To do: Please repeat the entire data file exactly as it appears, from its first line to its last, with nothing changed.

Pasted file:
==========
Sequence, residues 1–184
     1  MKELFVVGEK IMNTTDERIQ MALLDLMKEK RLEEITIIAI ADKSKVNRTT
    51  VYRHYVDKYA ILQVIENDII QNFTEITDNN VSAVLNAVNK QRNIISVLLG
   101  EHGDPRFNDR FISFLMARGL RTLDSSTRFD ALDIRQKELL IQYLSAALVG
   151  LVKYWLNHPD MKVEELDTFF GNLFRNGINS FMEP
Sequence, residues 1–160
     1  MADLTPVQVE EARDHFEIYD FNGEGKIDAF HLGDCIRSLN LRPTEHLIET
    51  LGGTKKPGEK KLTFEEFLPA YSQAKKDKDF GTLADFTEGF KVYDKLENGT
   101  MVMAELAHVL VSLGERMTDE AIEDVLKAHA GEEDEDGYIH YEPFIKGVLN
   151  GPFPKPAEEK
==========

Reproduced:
Sequence, residues 1–184
     1  MKELFVVGEK IMNTTDERIQ MALLDLMKEK RLEEITIIAI ADKSKVNRTT
    51  VYRHYVDKYA ILQVIENDII QNFTEITDNN VSAVLNAVNK QRNIISVLLG
   101  EHGDPRFNDR FISFLMARGL RTLDSSTRFD ALDIRQKELL IQYLSAALVG
   151  LVKYWLNHPD MKVEELDTFF GNLFRNGINS FMEP
Sequence, residues 1–160
     1  MADLTPVQVE EARDHFEIYD FNGEGKIDAF HLGDCIRSLN LRPTEHLIET
    51  LGGTKKPGEK KLTFEEFLPA YSQAKKDKDF GTLADFTEGF KVYDKLENGT
   101  MVMAELAHVL VSLGERMTDE AIEDVLKAHA GEEDEDGYIH YEPFIKGVLN
   151  GPFPKPAEEK